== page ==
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Michael McKean at fRilingue
Michael McKean

This week, Michael McKean at fRilingue, a provider of language programmes in Switzerland and an outbound study travel agency, writes about remote work and provides tips based on his experiences.

Remote Work: My Experience so Far

 

It will probably come as no surprise to most that as technology brings the world closer together, remote work is becoming more and more popular due to the fact that there's increasingly less need for an entire workforce to be located in the same office or working space. Despite being one of the new buzzwords of the day, remote work has been around for a while and isn't simply confined to start-ups and business where employees are largely expected to work from a computer: teachers rarely stay in school to do their marking; lawyers needn't sit in their office to study a case; and tradesmen have been sent out across countries and continents to work on contracted jobs for decades.

 

All of the above are examples of remote work, however, what's now referred to as remote work covers a lot more than what used to be dubbed 'home office', 'working from home' or 'working away'; whilst all of these terms do fall under the remote work umbrella, remote work is term which has come to cover so much more than that. Remote work implies that you can work from anywhere and at any time. Unsurprisingly, remote work has its doubters, particularly amongst those who are set in the ways of the more traditional office environment and its daily commute, watercooler conversations and the cringe-worthy banter of the David Brent-esque managers. On the flip-side, there are some who are used to the aforementioned model, but who would doubtlessly love to escape it.

 

Perhaps remote work is just what these people are after.

 

It's easy to see why remote work is popular within our industry as the very name "Study Travel" implies that "travel" is an integral part of many job roles within the industry, which is of course true; between schools and agents visiting each other to the Study Travel Alphe comferences, you'd be hard-pushed to find anyone in this industry without at least one travelling employee; and with work-related travel, comes remote work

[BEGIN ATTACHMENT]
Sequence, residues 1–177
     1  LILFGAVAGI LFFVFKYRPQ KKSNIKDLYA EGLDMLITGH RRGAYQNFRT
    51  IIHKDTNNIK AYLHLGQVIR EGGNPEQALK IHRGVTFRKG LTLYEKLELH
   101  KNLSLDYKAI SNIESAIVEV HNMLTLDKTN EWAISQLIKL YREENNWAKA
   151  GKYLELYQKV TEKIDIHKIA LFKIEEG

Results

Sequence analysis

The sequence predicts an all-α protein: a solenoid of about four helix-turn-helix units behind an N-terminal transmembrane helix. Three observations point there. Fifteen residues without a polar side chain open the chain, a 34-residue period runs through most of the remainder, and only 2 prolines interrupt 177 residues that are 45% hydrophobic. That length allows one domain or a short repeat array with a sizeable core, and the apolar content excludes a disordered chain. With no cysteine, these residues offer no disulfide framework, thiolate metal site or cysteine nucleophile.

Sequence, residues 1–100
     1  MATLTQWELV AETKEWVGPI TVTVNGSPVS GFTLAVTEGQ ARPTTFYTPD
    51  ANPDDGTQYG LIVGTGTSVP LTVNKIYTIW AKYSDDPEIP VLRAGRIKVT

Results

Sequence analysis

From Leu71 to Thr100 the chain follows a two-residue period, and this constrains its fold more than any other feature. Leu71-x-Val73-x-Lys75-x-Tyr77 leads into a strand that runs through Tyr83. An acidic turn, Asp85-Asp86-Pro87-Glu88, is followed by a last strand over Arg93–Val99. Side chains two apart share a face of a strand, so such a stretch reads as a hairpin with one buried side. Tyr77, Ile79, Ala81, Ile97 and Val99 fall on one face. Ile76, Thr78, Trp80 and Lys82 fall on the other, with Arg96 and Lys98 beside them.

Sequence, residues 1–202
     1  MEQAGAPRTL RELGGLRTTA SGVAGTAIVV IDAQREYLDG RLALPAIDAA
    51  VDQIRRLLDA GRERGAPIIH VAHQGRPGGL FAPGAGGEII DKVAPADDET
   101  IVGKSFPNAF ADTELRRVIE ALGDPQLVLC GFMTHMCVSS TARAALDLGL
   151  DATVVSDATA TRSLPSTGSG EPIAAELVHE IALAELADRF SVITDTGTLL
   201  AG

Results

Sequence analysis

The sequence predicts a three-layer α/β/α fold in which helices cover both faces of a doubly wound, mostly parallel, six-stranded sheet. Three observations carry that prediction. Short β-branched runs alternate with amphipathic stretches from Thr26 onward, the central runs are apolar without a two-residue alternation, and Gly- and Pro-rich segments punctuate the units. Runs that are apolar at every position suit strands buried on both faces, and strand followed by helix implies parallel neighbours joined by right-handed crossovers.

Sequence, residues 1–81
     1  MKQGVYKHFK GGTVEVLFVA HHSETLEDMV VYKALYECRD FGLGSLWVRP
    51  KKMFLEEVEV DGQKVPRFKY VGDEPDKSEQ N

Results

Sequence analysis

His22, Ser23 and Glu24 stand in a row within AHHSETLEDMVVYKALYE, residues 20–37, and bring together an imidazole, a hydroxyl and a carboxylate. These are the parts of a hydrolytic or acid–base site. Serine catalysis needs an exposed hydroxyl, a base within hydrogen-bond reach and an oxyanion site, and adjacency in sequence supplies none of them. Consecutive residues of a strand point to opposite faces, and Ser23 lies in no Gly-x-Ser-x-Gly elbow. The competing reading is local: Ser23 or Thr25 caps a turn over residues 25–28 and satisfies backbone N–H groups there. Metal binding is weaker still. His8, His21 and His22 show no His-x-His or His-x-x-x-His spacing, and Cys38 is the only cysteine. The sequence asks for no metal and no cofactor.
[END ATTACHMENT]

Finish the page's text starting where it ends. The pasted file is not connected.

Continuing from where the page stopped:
My first experiences with remote work came when I was released from the office to spend two weeks in Malta followed by two weeks in the UK visiting schools we either worked with, or planned on working with. During this month, my normal office duties were not put on hold, so for the first time in my life I began working remotely. I had daily meetings in either the morning or afternoon during this time so my day was broken up nicely between these obligations and my day-to-day office work.

 

Since this first experience with remote work back in October 2015, I've gone to on to work remotely from Brazil as well as various locations throughout Europe. In fRilingue, the culture of remote work came quite naturally as Philipp, our founder, is constantly travelling to fairs and to visit new schools and agents; Ljubisa, our CEO, used to work from Germany and more recently works from Serbia; whilst the rest of our office staff have always been based in Switzerland, so it was only a matter of time before some of the other staff started working remotely as well.

 

Since I started working remotely, fRilingue has now opened a second office in Serbia, moved our Swiss office from Fribourg to Bern and started a base in Russia through our Sales & Marketing Rep, Anna. We've also become more open to allowing employees to work from home on certain days and have allowed employees to work whilst travelling for short periods of time.